March 31, 2020
As the new decade approached and the year 2020 became a reality, the U.S. economy was in excellent shape by most measures. The unemployment rate was only 3.6 percent in January of 2020 according to the Bureau of Labor Statistics (BLS), and the Dow Jones Industrial Average reached a market high on February 14, 2020. For the most part, all was well with the world.
But in the shadows, a new storm was brewing for America and our economy. Coronavirus, which causes COVID-19, soon threatened to shut down our businesses and our lives for weeks and months to come. All of a sudden, our economy went from a period of rapid growth into a barrel roll toward a recession in a matter of weeks.
What Is a Recession Anyway?
You hear this word “recession” thrown around all the time, but what does it really mean? According to the U.S. Bureau of Economic Policy (BEA), the word recession connotes “a marked slippage in economic activity.”
The BEA also says that, while gross domestic product (GDP) is the broadest measure of economic activity, “the often-cited identification of a recession with two consecutive quarters of negative GDP growth is not an official designation.”
Not only that, but a real “recession” isn’t just a quick drop that barely puts a blip on our radar. A recession involves a considerably long stretch of time filled with bad news that will likely have prolonged consequences.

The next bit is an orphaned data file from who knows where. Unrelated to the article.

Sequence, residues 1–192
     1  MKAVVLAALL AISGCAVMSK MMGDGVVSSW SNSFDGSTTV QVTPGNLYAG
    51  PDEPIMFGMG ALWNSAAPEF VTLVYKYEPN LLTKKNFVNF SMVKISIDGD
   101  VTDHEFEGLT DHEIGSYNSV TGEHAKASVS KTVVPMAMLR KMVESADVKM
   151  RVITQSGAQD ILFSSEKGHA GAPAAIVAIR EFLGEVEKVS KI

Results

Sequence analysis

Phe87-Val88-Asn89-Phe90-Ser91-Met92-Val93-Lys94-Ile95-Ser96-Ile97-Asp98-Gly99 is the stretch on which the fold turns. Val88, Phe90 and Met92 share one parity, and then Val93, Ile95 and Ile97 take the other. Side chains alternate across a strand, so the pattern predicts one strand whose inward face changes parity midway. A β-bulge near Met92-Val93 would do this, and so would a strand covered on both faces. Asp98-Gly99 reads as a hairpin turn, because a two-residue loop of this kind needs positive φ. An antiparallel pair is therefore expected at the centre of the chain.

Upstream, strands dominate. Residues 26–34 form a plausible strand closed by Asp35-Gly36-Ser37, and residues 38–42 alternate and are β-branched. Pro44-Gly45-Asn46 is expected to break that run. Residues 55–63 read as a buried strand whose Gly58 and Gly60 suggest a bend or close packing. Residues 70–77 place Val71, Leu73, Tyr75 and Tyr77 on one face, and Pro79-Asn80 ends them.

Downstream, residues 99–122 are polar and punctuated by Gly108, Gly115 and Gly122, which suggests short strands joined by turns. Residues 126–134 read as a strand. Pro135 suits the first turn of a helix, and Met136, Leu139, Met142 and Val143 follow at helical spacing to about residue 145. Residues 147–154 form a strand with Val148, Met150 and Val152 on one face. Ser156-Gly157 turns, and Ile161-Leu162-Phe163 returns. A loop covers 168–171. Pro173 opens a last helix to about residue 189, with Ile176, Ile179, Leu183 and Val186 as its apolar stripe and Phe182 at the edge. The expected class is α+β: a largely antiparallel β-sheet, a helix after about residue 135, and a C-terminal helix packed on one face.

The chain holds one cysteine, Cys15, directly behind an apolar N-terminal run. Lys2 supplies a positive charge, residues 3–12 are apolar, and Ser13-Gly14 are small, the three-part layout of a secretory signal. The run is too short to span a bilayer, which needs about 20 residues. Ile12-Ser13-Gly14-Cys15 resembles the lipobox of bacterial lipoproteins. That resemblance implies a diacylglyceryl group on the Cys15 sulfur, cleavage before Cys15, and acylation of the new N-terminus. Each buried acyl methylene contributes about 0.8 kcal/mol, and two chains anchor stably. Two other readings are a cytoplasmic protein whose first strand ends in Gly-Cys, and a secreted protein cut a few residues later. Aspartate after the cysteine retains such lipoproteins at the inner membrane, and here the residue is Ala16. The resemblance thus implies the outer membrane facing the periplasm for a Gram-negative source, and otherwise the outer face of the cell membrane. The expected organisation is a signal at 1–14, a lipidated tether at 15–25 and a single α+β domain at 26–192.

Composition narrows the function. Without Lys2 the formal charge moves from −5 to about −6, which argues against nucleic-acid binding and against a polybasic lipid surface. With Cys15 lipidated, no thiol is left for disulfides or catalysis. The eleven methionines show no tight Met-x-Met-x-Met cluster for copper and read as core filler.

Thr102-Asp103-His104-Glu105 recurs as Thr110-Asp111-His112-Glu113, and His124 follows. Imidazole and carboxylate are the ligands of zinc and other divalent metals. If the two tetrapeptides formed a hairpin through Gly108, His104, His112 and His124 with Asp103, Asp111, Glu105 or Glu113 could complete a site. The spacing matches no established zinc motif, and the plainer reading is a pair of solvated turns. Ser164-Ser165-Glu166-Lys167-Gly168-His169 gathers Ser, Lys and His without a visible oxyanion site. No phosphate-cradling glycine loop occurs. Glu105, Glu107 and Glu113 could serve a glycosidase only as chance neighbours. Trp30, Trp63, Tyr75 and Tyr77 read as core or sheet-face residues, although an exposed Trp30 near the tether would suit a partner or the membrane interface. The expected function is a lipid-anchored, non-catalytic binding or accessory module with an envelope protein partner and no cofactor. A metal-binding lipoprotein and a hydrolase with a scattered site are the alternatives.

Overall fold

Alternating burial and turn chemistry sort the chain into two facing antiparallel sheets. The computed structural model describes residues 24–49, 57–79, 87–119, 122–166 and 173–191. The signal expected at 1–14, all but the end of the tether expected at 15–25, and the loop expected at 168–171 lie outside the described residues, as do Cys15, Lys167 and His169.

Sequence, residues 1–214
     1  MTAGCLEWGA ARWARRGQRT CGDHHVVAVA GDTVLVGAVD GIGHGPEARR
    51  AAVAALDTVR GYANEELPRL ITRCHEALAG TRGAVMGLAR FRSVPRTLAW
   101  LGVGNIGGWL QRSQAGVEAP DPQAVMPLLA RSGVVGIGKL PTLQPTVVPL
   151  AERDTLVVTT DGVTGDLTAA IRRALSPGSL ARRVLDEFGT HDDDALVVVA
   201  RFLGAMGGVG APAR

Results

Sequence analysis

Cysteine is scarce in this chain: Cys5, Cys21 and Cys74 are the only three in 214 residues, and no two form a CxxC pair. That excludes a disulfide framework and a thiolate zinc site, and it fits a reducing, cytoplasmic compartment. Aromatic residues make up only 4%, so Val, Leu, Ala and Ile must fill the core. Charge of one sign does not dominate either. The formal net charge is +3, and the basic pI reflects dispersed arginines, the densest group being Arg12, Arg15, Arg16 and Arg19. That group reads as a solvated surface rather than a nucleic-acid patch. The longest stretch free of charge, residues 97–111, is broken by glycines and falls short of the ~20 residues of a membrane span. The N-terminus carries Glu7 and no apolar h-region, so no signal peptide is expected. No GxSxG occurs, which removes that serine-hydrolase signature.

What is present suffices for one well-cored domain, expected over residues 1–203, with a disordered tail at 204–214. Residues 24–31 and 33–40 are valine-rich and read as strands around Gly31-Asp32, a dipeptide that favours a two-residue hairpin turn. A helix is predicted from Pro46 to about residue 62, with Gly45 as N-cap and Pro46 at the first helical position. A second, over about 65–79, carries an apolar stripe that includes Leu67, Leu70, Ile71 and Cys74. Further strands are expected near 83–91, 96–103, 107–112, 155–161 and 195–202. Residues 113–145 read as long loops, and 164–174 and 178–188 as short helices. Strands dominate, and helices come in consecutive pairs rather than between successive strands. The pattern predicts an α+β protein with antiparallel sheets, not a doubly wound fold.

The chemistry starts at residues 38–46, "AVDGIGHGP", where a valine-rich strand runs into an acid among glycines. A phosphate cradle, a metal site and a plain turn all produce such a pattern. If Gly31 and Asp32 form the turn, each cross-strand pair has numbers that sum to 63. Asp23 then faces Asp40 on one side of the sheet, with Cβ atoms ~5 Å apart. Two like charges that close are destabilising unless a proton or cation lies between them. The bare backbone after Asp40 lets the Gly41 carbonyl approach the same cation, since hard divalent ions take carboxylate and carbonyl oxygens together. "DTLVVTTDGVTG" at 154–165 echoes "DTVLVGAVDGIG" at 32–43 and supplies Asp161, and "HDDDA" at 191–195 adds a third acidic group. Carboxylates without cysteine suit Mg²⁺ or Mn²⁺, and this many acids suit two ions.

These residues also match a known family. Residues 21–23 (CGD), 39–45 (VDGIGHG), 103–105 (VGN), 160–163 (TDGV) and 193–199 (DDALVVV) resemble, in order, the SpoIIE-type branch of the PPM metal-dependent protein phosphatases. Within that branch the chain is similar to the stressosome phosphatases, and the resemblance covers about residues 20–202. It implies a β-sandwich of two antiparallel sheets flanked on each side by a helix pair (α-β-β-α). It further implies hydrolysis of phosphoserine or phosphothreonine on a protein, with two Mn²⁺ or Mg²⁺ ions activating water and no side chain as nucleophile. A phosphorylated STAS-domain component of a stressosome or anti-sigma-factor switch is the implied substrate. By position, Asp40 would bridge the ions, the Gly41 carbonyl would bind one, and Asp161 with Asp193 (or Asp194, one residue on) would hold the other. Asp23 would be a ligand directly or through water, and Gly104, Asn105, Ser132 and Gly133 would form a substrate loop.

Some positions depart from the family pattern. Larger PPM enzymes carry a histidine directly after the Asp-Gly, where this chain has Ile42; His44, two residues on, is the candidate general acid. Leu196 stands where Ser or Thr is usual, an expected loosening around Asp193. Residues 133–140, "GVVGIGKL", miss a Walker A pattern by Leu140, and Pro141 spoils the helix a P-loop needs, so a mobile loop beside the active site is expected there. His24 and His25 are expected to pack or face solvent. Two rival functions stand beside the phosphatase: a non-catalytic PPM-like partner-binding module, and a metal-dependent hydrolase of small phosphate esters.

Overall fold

What happens during a recession, exactly? The results of negative GDP growth can vary, but they usually include:
- An increase in unemployment
- The stock market loses value
- People struggle to get ahead
There are other downsides of a recession, too. For example, multiple studies have shown that market downturns and recession-like conditions lead to mental health problems. A study titled “Hardship during the Great Recession linked with lasting mental health declines” from the Association for Psychological Science , summarized this overall trend and their research on the Great Recession by saying, “people who suffered a financial, housing-related, or job-related hardship as a result of the Great Recession were more likely to show increases in symptoms of depression, anxiety, and problematic drug use, research shows.”
How Do You Prepare for a Recession?
While nobody knows when a true recession will take hold, there are some steps you can take to protect yourself in the event the economy begins to shrink. Fortunately, the steps you take to prepare for a recession are positive money moves that can benefit you either way.
If you’re worried about the future and hoping to protect your family from dire financial consequences, here are some steps you can take now.
Build an Emergency Fund
Most experts suggest keeping 3 to 6 months of expenses in a dedicated savings account for emergencies even when the economy is going fine, but having an e-fund during a market downturn is absolutely crucial. In the event you lose your job or face a loss in income, you’ll need to rely on your savings to keep up with living expenses and bills until the situation improves. Without any money set aside, it might be difficult to keep the lights on and food on the table, much less pay your mortgage and auto loan each month.